Guilin

Our schedule has been very fast-paced and some travel snafus have left me a bit over exhausted. I’ll try to catch up with some posts about our exciting days in Xi’ An when I get to Shanghai.

It poured this morning and we had just about dried out from the rain in Xian, but fortunately we began the day with a visit to the Art Institute here in Guilin. We attended a lecture on the art of ancient Chinese painting with a famous Chinese artist who demonstrated this incredible craft and produced a gorgeous piece before our eyes of specially prepared ink (paint) on rice paper.  There are three categories of this type of painting (portraits, landscape and nature). The artists here first attend university for 4 years studying art and art history and then they apprentice with a master for a number of years. The color and subjects of many of these paintings are dictated by the seasons: Summer is represented by bamboo, spring is orchid, autumn is chrysanthemun and winter is plum. The artist chose to represent winter and we purchased this red and black painting for the School of Management. Gratefully, the rain subsided by the time we reached our next destination, a tea plantation. This particular tea farm is actually a research facility where we were treated to a demonstration of the process of tea making and instruction on the different types of tea – white, green, oolong and black which all come from the same tea plant. It was surprising to learn that green tea contains the most caffeine. Our host, Nico, was the same person who hosted us last year. We were then treated to a tea ceremony and learned about the formal protocal. We tasted four types of tea – yellow, flower, oolong and compressed. The compressed tea looks like a brick and is special to this tea farm. It has a shelf life of 50 years. Unlike our tea bags, the loose tea leaves may be reused 4 or 5 times and each type was incredibly flavorful.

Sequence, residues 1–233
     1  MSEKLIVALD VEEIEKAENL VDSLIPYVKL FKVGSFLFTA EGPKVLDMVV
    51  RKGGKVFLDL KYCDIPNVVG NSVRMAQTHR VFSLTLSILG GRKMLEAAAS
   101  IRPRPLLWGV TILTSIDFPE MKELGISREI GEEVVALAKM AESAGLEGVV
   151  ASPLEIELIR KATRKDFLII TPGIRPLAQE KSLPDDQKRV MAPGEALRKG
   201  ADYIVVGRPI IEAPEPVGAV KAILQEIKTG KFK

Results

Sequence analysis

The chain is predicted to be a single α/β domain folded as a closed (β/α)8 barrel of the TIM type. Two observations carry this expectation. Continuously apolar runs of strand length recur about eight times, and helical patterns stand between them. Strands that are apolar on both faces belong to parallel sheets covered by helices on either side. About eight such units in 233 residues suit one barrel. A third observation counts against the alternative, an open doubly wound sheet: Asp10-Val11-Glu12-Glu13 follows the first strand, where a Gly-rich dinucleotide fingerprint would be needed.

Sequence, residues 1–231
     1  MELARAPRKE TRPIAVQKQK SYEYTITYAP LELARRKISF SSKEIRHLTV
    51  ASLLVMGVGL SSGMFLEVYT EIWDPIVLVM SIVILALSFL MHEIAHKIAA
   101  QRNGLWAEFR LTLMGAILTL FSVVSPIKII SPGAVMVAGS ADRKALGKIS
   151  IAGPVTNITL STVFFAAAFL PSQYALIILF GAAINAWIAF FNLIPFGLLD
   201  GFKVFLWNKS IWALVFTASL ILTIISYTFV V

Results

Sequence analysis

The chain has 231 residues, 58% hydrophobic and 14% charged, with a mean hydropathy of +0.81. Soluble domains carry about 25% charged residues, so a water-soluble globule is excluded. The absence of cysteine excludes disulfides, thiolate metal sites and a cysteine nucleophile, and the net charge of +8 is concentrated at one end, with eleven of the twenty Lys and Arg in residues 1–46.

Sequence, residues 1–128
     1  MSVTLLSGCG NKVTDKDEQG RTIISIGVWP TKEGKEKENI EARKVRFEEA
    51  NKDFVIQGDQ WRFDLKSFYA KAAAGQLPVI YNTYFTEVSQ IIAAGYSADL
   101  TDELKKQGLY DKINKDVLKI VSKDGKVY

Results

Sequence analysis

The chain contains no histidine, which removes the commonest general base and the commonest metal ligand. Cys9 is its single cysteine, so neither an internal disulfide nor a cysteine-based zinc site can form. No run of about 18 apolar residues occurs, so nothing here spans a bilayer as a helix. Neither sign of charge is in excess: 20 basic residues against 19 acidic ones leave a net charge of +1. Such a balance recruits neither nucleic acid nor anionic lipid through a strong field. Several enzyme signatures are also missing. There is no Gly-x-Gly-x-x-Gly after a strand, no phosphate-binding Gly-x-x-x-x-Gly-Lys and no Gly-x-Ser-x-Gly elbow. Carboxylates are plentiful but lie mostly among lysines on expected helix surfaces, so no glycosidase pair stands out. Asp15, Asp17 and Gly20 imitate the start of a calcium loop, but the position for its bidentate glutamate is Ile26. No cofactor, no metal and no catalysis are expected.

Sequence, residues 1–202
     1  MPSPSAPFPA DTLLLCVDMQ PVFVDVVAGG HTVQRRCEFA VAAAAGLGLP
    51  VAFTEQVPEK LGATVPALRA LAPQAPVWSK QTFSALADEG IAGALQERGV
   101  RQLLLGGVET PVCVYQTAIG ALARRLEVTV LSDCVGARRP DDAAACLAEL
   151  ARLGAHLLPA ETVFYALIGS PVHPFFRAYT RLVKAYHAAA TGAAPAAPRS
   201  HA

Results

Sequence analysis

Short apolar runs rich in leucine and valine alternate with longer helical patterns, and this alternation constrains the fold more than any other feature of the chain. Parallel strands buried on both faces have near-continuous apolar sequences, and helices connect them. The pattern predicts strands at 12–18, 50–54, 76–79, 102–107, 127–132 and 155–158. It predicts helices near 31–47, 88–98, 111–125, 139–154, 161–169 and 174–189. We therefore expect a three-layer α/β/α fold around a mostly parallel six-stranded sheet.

Since the weather had cleared, we next visited Guilin’s highest mountain, called Yau Mountain, where we rode a chairlift up the mountain and climbed to the top above the clouds. While closed when we rode up, they were able to dry the mountain slide (which is called a tobboggan here) and we had a thrilling ride down the mountain.

Our city guide (Daisy) took us to a favorite restaurant of hers for a late lunch which was a bit different from the typical tourist restaurants that we have been frequenting. The dishes included duck, chicken and fish (both with the heads), prawn (feelers and all) and tofu which was delicious. Normally, I do not care for tofu, but this dish tasted like delicious barbequed meat. We also had some local rice wine that was just like schnapps. Since we were not far from our hotel, we all decided to walk back along the beautiful four lakes that are in the city’s center.

We will probably go out for pizza and a stroll later on and a bit of shopping at the open-air market that is set up along a main thoroughfare here at night.

Tomorrow morning we will take the Li River boat cruise before departing for the airport for our flight to Shanghai.

One Response to “Guilin”

  1. Nice blog you have here! Its very helpful.

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